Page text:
284 F2d 591 North American Cement Corporation v. B Anderson
284 F.2d 591
NORTH AMERICAN CEMENT CORPORATION et al., Appellants,
Robert B. ANDERSON, Secretary of the Treasury et al., Appellees.
United States Court of Appeals District of Columbia Circuit.
Argued September 26, 1960.
Decided October 20, 1960.
Mr. James C. McKay, Washington, D. C., with whom Messrs. Donald Hiss, Washington, D. C., and Donald E. Claudy, Washington, D. C., were on the brief, for appellant.
Mr. Alan S. Rosenthal, Atty., Dept. of Justice, with whom Messrs. Oliver Gasch, U. S. Atty., and Edwin F. Rains, Asst. Gen. Counsel, and Mrs. Margaret Shea Coates, Atty., Dept. of the Treasury, were on the brief, for appellees Robert B. Anderson and Ralph Kelly. Mr. Carl W. Belcher, Asst. U. S. Atty., also entered an appearance for appellees Robert B. Anderson and Ralph Kelly.
Mr. Frank G. Parker, New York City, of the bar of the Court of Appeals of New York, pro hac vice, by special leave of court, with whom Mr. Gerald B. Greenwald, Washington, D. C., was on the brief, for appellee The City Lumber Co. of Bridgeport, Inc.
Before EDGERTON, FAHY and BURGER, Circuit Judges.
EDGERTON, Circuit Judge.
Appellants, American cement manufacturers, asked the Secretary of the Treasury to investigate whether cement imported from Norway was being sold in this country at less than its fair value. If the Secretary answers such a question in the affirmative, and if the Tariff Commission then finds that an "industry in the United States is being or is likely to be injured", the Antidumping Act of 1921 provides for imposing upon the importer "a special dumping duty". 19 U.S.C.A. §§ 160(a), 161(a). The Secretary found that cement from Norway was not being or likely to be sold in the United States at less than its fair value. This left nothing for the Tariff Commission to decide.
Appellants sought declaratory and injunctive relief against the Secretary and the Commissioner of Customs. The District Court dismissed the complaint for lack of jurisdiction, on the ground that the plaintiffs had an adequate remedy in the United States Customs Court. 28 U.S.C. § 1340 excepts from the jurisdiction of the district courts "matters within the jurisdiction of the Customs Court."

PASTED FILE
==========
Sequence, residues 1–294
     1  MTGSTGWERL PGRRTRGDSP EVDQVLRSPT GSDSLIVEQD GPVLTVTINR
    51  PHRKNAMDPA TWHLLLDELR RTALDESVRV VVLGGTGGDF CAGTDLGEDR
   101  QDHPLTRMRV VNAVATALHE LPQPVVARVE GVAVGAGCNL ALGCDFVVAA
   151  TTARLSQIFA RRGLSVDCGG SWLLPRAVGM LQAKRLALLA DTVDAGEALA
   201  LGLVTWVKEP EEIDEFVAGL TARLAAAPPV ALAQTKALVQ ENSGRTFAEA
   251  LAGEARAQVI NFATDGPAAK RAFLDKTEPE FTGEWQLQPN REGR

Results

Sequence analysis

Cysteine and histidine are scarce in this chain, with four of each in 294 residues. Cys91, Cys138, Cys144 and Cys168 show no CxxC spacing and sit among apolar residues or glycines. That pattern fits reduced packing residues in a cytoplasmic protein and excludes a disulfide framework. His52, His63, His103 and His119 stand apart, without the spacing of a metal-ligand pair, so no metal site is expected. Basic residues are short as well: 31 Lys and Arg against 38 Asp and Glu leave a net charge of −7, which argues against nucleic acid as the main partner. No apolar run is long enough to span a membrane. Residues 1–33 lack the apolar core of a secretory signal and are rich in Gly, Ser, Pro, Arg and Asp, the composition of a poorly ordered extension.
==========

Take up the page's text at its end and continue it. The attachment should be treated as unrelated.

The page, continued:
Section 516(b) of the Tariff Act of 1930, as amended, 19 U.S.C.A. § 1516(b), provides that "The Secretary of the Treasury shall, upon written request by an American manufacturer, producer, or wholesaler, furnish the classification of, and the rate of duty, if any, imposed upon, designated imported merchandise of a class or kind manufactured, produced, or sold at wholesale by him. If such manufacturer, producer, or wholesaler believes that the proper rate of duty is not being assessed, he may file a complaint with the Secretary, setting forth a description of the merchandise, the classification, and the rate or rates of duty he believes proper, and the reasons for his belief. * * * If dissatisfied with the decision of the Secretary, the complainant may file with the Secretary * * notice that he desires to protest the classification of, or rate of duty assessed upon, the merchandise. Upon receipt of such notice from the complainant, the Secretary shall cause publication to be made of his decision as to the proper classification and rate of duty and of the complainant's desire to protest * * * If the protest of the complainant is sustained in whole or in part by a decision of the United States Customs Court or of the United States Court of Customs and Patent Appeals, merchandise of the character covered by the published decision of the Secretary * * * shall be subject to classification and assessment of duty in accordance with the final judicial decision on the complainant's protest * * *."1
In Morgantown Glassware Guild v. Humphrey, we read 28 U.S.C. § 1583 as providing without limitation that "`The Customs Court shall have exclusive jurisdiction to review on protest the * * * rate and amount of duties chargeable and as to all exactions of whatever character within the jurisdiction of the Secretary of the Treasury * * *.'" 98 U.S.App.D.C. 375, 376, 236 F.2d 670, 671. In Boston Wool Trade Ass'n v. Snyder, we said: "It is clear that the controversy concerns the duty to be imposed upon certain imports. As such, it is within the exclusive jurisdiction of the Court of Customs and Patent Appeals." 82 U.S. App.D.C. 144, 145, 161 F.2d 648, 649. Even the question whether the Antidumping Act is constitutional has been held to be within the exclusive jurisdiction of the Customs Court. Horton v. Humphrey, D.C.D.C., 146 F.Supp. 819, affirmed, 352 U.S. 921, 77 S.Ct. 224, 1 L.Ed.2d 157.
Talbot v. Atlantic Steel Co., 107 U.S. App.D.C. 116, 275 F.2d 4, and Cotonificio Bustese v. Morgenthau, 74 App.D.C. 13, 121 F.2d 884, on which appellant relies, were suits to require administrative action, not to challenge its correctness.
Appellants seek to avoid the effect of this legislation on the ground that it was not passed until after the Antidumping Act and § 210 of that Act, [19 U.S.C.A. § 169] gives the Customs Court and the Court of Customs and Patent Appeals the same jurisdiction "as in the case of appeals and protests relating to customs duties under existing law." We think "existing law" means law in force when merchandise is imported, not when the Antidumping Act was passed. This is also the view of the Court of Customs and Patent Appeals. United States v. Manahan Chemical Co., Inc., 23 C.C.P.A. (Customs) 332, 336